Dubdiver :: Floating Beats
[blue flame]   review from shree  

Germany - once the bastion for National Socialism during WWII, is now a major destination for political and economic refugees escaping 'oppression' in their home lands. It now experiences political turmoil of its own - the conservative Christian Democrats are trying to head a coalition government much to the distaste of the ruling Social Democrats. The outcome obviously will have major ramifications for immigrants, either way. While these immigrants don't have as much of a presence as they do in Great Britain or the U.S., their influence is beginning to take hold in various creative outlets throughout the Central European nation. Bollywood, Bhangra and Turkish Pop have caught on at a rate rarely seen outside of their respective birth places.

Politics and social demographics aside, tuning into German television or radio these days would lead one to believe that the homegrown electronic music that the country is so well known for is largely relegated to underground clubs and boutique record labels. While labels such as Kompakt (www.kompakt-net.de) and K7 (https://www.k7.com) continue to release quality productions, the output largely falls into the minimal techno, house and downtempo genres. Global beats and ethnic electronica have been repped largely by Friedel Lelonek and Genetic Drugs. The time has come to add another name to that list.

Berlin's Stefan Korn, better known as DubDiver gives us Floating Beats, his debut album on Blue Flame Records. Although marketed as a meeting point of 'downbeat, drum & bass and asian underground,' it falls squarely into lounge territory, keeping the BPM low throughout. The first thing you notice about DubDiver's sound is that he has his M.O. down pat. Somewhat of a child prodigy - he started taking drum lessons at the age of six - he obviously is as accomplished in electronic production techniques as he is with organic sounds. Samplers, sequencers, live instruments and human voices are deftly utilized until it is hard to distinguish between them.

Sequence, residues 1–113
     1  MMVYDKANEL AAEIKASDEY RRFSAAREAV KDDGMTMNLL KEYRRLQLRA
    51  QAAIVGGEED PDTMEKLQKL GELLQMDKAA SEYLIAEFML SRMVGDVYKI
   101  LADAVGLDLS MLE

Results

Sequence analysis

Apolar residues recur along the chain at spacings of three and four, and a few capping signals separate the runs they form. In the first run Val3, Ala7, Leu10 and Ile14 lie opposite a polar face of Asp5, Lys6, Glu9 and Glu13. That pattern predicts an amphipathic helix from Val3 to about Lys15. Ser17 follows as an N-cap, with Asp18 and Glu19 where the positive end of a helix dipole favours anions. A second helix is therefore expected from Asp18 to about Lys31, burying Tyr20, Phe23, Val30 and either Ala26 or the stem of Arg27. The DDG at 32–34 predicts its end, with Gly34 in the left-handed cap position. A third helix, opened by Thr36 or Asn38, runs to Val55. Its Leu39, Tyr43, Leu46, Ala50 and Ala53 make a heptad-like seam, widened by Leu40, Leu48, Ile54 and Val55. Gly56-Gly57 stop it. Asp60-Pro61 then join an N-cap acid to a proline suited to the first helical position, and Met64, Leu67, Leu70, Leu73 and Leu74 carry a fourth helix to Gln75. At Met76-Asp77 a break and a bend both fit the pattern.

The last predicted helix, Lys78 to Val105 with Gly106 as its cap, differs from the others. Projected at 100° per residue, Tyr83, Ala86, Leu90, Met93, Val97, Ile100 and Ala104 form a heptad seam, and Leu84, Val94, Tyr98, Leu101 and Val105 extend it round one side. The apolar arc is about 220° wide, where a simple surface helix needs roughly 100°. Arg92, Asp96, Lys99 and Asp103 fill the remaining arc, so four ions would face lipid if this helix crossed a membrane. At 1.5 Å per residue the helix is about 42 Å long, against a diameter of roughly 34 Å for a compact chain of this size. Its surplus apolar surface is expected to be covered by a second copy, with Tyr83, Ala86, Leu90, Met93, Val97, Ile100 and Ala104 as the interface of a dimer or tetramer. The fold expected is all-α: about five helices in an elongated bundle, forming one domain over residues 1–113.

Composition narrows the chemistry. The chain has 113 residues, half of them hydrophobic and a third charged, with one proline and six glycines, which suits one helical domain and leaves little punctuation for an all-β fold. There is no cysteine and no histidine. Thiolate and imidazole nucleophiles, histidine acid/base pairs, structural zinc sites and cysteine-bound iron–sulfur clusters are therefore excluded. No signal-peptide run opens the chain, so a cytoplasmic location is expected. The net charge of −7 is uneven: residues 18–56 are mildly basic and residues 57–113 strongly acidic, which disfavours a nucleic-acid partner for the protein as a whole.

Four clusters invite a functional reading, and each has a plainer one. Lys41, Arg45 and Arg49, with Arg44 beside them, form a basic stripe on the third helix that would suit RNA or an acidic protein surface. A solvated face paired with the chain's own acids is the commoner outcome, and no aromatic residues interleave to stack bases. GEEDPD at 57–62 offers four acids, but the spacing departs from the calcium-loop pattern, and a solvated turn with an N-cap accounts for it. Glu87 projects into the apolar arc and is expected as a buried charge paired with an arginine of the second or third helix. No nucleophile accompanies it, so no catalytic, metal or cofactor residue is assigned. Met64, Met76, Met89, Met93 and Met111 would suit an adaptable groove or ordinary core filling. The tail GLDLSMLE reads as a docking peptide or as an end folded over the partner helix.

He kicks things off with 'Shine' a remake of the mid 90's reggae crossover hit by Aswad. The feel-good vocals, although re-sung, remain largely intact while complex layers of electronics and synth patterns bubble underneath giving it an dancehall/trip hop-via-the Orient-vibe. 'Dotted Diary' traverses sonically dark atmospheres through the use of a heartbreaking flute sample. Breakbeats and syncopated drum patterns take centerstage on 'Kaleido-Scope' that harken back to the early Outcaste sound. 'Surya Mangalam' opens with the guitar prowess of Steffe Köhler before moving into tabla and synth infused downbeat grooves that wouldn't have sounded too out of place on T.J. Rehmi's last release, managing to make eastern electronica warm again. Album closer 'Varanasi' is Dubdiver's most obvious foray into ethnotechno territory - sitars battle western strings as sequencers and a medium tempo groove accompany Maurice Etoile's classically trained voice to just the right effect.

Floating Beats is not without its flaws - for the most part, the instrumentals far outclass the vocals - but in a genre (lounge/chillout) that sometimes forces new artists to recycle ideas and concepts, DubDiver has quite efficiently found his groove, a groove that promises to deliver the next time around as well.

ethnotechno rating: 3 out of 5
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  1. Shine (Dubdiver Dinkel Mix) (pick)
  2. Moonmadness
  3. Dotted Diary
  4. Kaleido-Skope (pick)
  5. Desert Land
  6. Let there be Light
  7. Reverie
  8. Song of the Siren
  9. Surya Mangalam (pick)
  10. Desert Land (Eternal Calling Mix)
  11. Feel the Flow
  12. Varanasi (She doesn't see) (pick)